Materials and methods Chemicals. Ursolic acid (>99.8%) was purchased from Sigma (St. Louis, MO, USA). VEPS (>78%) and APS (>80%) were extracted in our laboratory. DMEM and the RevertAid First Strand cDNA Synthesis kit were purchased from Thermo Fisher Scientific Inc. (St. Louis, MO, USA). Fetal bovine serum (FBS) was purchased from Gibco (Milan, Italy). Penicillin streptomycin solution, trypsin, phosphate‑buffered saline (PBS), DMSO, 3-(4,5-dimethylthiazol-2-yl)-2,5- diphenyltetrazolium bromide (MTT) and cell lysis solution were purchased from Solarbio (Beijing, China). Anti-COX-2 and anti-β -actin antibodies were purchased from Bioworld Technology (St. Louis Park, MN, USA) and goat anti-rabbit IgG antibody (H+L) was purchased from Thermo Fisher Scientific Inc. (Rockford, IL, USA). Superoxide dismutase (SOD) and malondialdehyde (MDA) test kits were purchased from Nanjing Biological Engineering (Nanjing, China), human COX-2 and human prostaglandin E2 (PGE2) enzymelinked immunosorbent assay (ELISA) kits were purchased from Bio-Swamp (Shanghai, China). The RNeasy Mini kit was purchased from Qiagen (Hilden, Germany), and the SYBR Premix Ex Taq II PCR Master Mix kit was purchased from Takara Biotechnology (Dalian, China). The West Pico Mouse IgG Detection kit was purchased from Thermo Fisher Scientific. Cell culture and reagents. The HepG2 human HCC cell line was a gift from the Academy of Military Science (Beijing, China). Cells were maintained in DMEM medium supplemented with 10% FBS, 100 U/ml of penicillin and 100 µg/ ml of streptomycin, and incubated in a humidified 5% CO2 incubator at 37˚C. The culture medium was changed every two days and the cells were subcultured every fifth day. Cells in the mid-log phase were used for experiments. Stock solutions of UA, VEPS and APS were prepared in DMSO and diluted with medium. The final concentration of DMSO was <0.1%, which demonstrated no effect on cell viability and DNA fragmentation. DMSO was also used in the controls. For all assays, the HepG2 cells (5x104/ml) were treated with UA at 0.1, 1, 2.5, 5 or 10 µg/ml; or VEPS or APS at 10, 20, 40, 50 or 100 µg/ml, respectively. For combined treatments, UA and VEPS 1:1, or UA and APS 1:1 were applied and incubated for 24, 48 and 72 h, respectively, at 37˚C. Cell viability/proliferation assay. HepG2 cells were plated at 5x103 cells/well in 96-well plates, and incubated with varying concentrations of UA, VEPS and APS at different time points. The MTT solution was added to the culture medium at a final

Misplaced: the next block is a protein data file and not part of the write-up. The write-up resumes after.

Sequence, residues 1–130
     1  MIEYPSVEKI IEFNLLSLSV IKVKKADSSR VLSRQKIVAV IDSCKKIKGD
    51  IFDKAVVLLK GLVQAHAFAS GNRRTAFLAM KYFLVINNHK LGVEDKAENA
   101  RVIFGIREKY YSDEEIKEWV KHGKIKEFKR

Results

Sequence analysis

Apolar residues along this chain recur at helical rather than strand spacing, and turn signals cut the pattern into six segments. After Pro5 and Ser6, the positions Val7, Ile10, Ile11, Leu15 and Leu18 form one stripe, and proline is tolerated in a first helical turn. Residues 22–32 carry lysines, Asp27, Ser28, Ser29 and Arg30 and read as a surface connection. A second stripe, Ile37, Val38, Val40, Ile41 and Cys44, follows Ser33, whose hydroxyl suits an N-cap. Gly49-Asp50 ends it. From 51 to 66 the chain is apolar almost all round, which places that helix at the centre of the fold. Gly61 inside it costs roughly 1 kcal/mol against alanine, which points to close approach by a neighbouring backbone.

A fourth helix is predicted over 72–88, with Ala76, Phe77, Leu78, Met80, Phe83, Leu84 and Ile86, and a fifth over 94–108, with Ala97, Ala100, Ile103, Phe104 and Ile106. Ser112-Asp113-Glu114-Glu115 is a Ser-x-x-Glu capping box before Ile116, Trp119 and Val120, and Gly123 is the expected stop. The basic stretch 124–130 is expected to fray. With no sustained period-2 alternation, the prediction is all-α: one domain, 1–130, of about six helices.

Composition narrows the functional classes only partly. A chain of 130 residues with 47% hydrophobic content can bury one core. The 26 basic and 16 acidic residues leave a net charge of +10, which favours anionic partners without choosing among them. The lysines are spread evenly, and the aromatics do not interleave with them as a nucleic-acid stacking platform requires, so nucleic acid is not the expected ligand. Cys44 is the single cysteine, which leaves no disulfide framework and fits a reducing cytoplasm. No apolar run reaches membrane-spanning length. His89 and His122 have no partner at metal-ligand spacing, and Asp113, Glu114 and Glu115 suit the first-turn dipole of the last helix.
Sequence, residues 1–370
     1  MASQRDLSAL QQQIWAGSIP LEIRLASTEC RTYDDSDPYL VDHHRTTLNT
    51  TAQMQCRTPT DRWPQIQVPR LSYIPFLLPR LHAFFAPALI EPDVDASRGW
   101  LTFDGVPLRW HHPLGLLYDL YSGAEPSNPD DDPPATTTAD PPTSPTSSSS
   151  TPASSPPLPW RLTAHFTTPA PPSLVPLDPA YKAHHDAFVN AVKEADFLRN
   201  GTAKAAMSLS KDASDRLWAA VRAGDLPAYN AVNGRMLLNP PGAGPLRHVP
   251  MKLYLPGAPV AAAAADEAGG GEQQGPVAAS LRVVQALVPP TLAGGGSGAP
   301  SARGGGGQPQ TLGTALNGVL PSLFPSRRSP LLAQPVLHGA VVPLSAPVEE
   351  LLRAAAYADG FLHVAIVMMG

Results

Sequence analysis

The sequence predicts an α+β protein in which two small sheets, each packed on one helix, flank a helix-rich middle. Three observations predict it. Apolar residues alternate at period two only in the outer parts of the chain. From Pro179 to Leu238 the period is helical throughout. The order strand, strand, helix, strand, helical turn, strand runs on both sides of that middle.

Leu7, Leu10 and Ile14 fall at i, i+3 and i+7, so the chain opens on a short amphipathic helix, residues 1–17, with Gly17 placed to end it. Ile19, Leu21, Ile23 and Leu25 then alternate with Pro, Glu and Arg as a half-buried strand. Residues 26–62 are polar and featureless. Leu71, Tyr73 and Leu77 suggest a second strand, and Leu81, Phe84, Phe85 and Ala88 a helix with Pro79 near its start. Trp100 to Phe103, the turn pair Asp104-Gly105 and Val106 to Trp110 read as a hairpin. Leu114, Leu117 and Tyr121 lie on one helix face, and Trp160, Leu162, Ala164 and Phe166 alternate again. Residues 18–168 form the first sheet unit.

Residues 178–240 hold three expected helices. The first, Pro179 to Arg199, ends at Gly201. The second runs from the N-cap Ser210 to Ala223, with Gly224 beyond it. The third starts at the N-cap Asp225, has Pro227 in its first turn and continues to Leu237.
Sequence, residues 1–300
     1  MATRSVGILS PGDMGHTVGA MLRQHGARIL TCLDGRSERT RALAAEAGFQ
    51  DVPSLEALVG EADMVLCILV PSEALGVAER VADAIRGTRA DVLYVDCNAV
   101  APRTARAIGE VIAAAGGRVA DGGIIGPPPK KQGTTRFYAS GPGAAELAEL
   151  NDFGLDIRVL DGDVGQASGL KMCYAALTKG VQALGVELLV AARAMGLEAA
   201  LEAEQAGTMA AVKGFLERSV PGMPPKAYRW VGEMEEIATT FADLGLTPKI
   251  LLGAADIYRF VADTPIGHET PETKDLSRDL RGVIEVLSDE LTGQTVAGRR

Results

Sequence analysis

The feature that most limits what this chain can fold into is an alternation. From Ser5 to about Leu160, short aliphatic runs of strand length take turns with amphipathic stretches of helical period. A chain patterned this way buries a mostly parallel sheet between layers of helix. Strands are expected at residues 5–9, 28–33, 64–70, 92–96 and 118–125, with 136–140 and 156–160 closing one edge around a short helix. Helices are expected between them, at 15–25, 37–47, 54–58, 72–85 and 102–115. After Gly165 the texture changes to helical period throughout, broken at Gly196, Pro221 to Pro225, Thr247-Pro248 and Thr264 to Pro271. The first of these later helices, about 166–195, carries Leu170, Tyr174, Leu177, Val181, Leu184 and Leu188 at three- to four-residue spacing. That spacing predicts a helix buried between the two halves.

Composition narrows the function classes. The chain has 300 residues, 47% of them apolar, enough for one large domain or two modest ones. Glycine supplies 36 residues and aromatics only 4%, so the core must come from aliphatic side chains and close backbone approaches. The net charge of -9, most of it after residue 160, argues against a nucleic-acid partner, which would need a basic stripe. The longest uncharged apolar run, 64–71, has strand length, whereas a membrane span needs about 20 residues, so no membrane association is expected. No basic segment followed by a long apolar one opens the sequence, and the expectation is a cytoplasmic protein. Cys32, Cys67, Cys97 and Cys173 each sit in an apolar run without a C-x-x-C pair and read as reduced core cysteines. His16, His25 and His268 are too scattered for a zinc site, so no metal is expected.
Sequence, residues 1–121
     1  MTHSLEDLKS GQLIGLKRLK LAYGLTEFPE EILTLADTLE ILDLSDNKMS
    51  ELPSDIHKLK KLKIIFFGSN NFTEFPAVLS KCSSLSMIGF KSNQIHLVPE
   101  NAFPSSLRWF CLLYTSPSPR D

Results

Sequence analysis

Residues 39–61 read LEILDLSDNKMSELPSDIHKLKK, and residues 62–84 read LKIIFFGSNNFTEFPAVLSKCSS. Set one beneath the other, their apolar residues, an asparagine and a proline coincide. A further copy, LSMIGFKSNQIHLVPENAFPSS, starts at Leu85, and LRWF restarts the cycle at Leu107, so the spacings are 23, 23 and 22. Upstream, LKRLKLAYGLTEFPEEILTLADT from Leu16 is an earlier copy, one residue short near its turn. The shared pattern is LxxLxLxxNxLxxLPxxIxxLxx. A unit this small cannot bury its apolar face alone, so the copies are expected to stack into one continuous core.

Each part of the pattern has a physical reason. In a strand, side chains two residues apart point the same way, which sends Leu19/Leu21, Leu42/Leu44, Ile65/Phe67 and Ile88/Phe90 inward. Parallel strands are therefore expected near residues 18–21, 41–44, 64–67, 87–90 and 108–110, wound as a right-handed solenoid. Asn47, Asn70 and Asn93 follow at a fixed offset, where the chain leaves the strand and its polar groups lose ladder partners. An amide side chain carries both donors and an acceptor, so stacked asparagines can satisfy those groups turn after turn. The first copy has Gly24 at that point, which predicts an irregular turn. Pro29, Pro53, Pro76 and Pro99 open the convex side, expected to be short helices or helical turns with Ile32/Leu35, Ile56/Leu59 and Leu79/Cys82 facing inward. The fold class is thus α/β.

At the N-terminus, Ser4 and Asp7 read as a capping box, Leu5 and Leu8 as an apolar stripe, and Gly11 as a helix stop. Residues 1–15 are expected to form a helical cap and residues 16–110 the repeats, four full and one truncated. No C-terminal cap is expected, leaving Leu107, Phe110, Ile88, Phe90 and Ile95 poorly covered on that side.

concentration of 0.5 mg/ml for 4 h, and dark blue formazan crystals were dissolved with 150 µl DMSO. The absorbance value was measured at 570 nm using a multiwell spectrophotometer (Bio-Rad, Hercules, CA, USA). Experiments were performed in quadruplicate and repeated three times. The percentage of cell inhibition was calculated using the formula: inhibitory rate (%)=[1-(absorbanceexperiment well)/(absorbancecontrol well)] x 100. Observations of apoptosis morphology using a scanning electronic microscope (SEM). HepG2 cells (1x105 cells/ well) were grown on cover slips in 6-well plates in a CO2 incubator, then treated with UA (5 µg/ml), VEPS (50 µg/ml), APS (50 µg/ml), UA/VEPS 1:1 in combination, or UA and APS 1:1 in combination. After 48 h, the cells were washed with PBS three times, and subsequently fixed for 2 h at 4˚C with 2.5% glutaraldehyde in 0.2 M cacodylate buffer, pH 7.4. Dehydration was performed with gradients of 30, 50, 70, 90 and 100% ethanol, at 10-min intervals. HepG2 cell surfaces were coated with a gold spray and examined by SEM (Su1510, Hitachi, Japan). Images were collected in TIFF files (PC-SeM, Hitachi) and edited using Photoshop; no artifacts were added. Flow cytometric analysis. HepG2 cells (1x10 6 cells/ml) were treated with varying concentrations of UA (5 µg/ml), VEPS (50 µg/ml), APS (50 µg/ml), UA/VEPS 1:1 in combination, and UA/APS 1:1 in combination during the exponential growth phase. Cells were collected after being cultured for 48 h. Collected cells were washed twice with cold PBS, fixed with 70% pre-cooled ethanol, and subsequently incubated overnight in the dark at 4˚C. Cell cycle analysis was performed by flow cytometer (BD Biosciences, Franklin Lakes, NJ, USA). Determination of intracellular SOD activity. HepG2 cells were plated at 5x103 cells/well in 96-well plates, and incubated with varying concentrations of UA, VEPS, APS, combined 1:1 UA and VEPS, or combined 1:1 UA and APS for 48 h. The cells were washed twice with ice-cold PBS, lysed for 10 min in lysis buffer, and centrifuged for 5 min at 1,400 x g. Cellular SOD activity was measured in non-protein cell lysates using a commercially available SOD assay kit according to the manufacturer's instructions. Determination of intracelluar MDA content. HepG2 cells were plated at 5x103 cells/well in 96-well plates, and incubated with different concentrations of UA, VEPS, APS, combined 1:1 UA and VEPS, or combined 1:1 UA and APS for 48 h. The cells were washed twice with ice-cold PBS, lysed for 10 min in lysis buffer, and centrifuged for 5 min at 1,400 x g. Cellular
MOLECULAR MEDICINE REPORTS